Dilatation and Curettage (D&C) A procedure in which the cervix is gradually widened and the lining of the uterus is gently removed by scraping or suction.
Disease A disease is defined as any deviation from or interruption of the normal structure or function of any part, organ, or system, or combination thereof, of the body that is manifested by a characteristic set of symptoms or signs. Dorland’s Medical Dictionary 1988: 481.
Dyspareunia A condition in women in which intercourse is uncomfortable or painful due to a medical problem or emotional issues.
Ectopic Pregnancy A pregnancy in which the fertilized ovum has implanted in a location other than inside the uterus, usually in a fallopian tube.
Embryo The fertilized ovum after it has begun the process of cell division.
Endometriosis A condition in which tissue resembling the lining of the inside of a woman’s uterus is found elsewhere in the body (usually in the pelvis).
Endometrium The tissue lining the inside of a woman’s uterus, in which a fertilized egg implants at conception.
Epididymis A structure that covers part of each testis and is the storage place for mature sperm cells.
Estrogen (Estradiol) A hormone that is produced in a woman’s ovaries and plays a role in regulating ovulation and endometrial development.
Fallopian Tubes The two narrow, hollow structures located on either side of a woman’s uterus in the lower abdomen, extending to an ovary on each side.
Fetus In medical terms, an embryo becomes a fetus at about the end of the seventh week of pregnancy, after major structures (head, torso, limbs, etc.) have formed.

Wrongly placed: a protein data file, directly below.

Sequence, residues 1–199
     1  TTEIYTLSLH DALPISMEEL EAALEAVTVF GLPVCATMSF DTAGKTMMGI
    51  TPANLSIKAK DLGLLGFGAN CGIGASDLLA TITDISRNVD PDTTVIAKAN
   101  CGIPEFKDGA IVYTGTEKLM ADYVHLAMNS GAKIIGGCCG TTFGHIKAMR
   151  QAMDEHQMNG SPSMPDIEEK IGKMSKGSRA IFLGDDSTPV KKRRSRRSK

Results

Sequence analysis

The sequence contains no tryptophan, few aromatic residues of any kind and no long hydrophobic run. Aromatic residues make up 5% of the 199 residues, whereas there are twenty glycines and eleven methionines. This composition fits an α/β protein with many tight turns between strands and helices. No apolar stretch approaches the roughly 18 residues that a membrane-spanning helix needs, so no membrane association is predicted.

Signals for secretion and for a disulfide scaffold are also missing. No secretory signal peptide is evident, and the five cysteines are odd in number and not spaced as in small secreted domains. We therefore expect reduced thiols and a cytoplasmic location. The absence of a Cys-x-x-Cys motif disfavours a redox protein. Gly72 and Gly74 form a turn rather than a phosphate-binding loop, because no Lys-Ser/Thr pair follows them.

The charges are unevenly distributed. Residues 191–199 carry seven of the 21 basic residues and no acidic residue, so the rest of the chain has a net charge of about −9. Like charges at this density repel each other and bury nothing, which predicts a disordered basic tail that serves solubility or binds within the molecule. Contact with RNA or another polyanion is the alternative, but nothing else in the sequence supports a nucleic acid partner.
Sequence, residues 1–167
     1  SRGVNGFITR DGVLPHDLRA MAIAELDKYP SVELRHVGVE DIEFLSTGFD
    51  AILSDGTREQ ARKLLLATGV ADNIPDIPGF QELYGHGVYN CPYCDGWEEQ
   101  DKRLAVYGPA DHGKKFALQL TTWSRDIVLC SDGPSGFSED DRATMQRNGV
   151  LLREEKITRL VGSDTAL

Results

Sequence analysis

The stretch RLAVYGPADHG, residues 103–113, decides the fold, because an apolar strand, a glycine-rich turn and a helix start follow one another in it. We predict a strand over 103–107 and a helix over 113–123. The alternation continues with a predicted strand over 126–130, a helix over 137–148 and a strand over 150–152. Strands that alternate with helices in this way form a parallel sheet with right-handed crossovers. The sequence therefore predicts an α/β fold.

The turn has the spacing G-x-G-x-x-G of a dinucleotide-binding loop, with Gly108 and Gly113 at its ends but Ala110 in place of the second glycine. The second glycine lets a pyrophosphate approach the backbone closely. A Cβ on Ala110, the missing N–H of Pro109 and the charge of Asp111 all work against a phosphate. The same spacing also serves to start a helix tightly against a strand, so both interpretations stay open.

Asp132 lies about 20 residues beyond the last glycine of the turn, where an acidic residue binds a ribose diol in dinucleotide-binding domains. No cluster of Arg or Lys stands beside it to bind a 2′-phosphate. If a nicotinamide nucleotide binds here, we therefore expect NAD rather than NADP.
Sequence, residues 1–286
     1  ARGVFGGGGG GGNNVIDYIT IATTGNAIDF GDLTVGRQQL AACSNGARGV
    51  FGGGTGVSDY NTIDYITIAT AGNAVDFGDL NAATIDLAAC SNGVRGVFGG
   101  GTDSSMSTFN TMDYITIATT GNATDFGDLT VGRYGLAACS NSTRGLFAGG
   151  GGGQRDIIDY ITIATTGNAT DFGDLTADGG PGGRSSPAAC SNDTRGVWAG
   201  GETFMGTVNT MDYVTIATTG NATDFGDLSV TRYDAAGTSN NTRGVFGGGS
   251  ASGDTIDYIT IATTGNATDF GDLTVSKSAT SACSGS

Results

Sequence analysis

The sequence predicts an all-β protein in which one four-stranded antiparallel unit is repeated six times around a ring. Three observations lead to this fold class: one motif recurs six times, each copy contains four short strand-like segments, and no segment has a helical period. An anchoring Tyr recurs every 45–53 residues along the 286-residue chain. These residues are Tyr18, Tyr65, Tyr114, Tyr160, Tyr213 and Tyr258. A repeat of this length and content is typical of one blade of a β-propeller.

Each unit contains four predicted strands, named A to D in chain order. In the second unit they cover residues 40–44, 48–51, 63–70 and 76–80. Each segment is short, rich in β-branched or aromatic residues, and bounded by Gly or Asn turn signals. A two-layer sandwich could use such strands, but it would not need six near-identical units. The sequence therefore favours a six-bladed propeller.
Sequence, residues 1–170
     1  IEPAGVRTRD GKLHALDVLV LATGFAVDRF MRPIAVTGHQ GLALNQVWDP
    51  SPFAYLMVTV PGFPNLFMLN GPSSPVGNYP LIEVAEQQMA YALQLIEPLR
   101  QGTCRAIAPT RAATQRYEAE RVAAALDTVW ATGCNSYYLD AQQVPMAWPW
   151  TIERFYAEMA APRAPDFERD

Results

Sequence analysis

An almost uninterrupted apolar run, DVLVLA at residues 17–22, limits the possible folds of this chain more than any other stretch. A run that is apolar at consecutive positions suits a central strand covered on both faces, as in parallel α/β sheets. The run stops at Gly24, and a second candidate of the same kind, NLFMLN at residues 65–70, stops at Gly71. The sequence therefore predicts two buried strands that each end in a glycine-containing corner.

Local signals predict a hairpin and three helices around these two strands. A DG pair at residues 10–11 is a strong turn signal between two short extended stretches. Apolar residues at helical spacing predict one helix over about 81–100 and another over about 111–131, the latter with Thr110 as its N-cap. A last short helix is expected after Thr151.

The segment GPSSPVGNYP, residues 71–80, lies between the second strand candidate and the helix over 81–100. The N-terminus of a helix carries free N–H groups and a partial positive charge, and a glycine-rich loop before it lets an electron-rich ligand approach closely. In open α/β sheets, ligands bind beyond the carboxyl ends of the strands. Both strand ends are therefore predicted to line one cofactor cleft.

Follicle A structure within the ovary containing the egg that is extruded at ovulation.
Gamete intrafallopian transfer (GIFT) A variation of ART in which unfertilized eggs and sperm are placed together in the woman’s fallopian tubes, with fertilization taking place in the tube instead of a laboratory dish.
Germ cells (Gametes) The sex cells—oocytes (eggs) and spermatozoa.
Gestational Mother In a surrogacy arrangement, the woman who carries a pregnancy to term and delivers a baby, which may or may not be genetically related to her.
Gonorrhea A sexually transmitted infection caused by the microorganism Neisseria gonorrhea, which if left untreated in a woman may cause pelvic inflammatory disease (PID), pelvic adhesions, and tubal blockage.
Hypothalamus A structure located at the base of the brain that secretes hormones that regulate the pituitary gland which in turn regulates various bodily functions, including ovulation in women and sperm production in men.
Implantation Bleeding Light bleeding or spotting that sometimes occurs when a fertilized egg (embryo) implants in the uterus.
Impotence A condition in which a man cannot achieve or sustain an erection long enough to ejaculate inside a woman’s vagina.
In vitro fertilization (IVF) A form of assisted reproduction in which an egg and sperm are combined in a laboratory dish and the resulting embryo (sometimes called a preembryo) is subsequently transferred into a woman’s fallopian tube.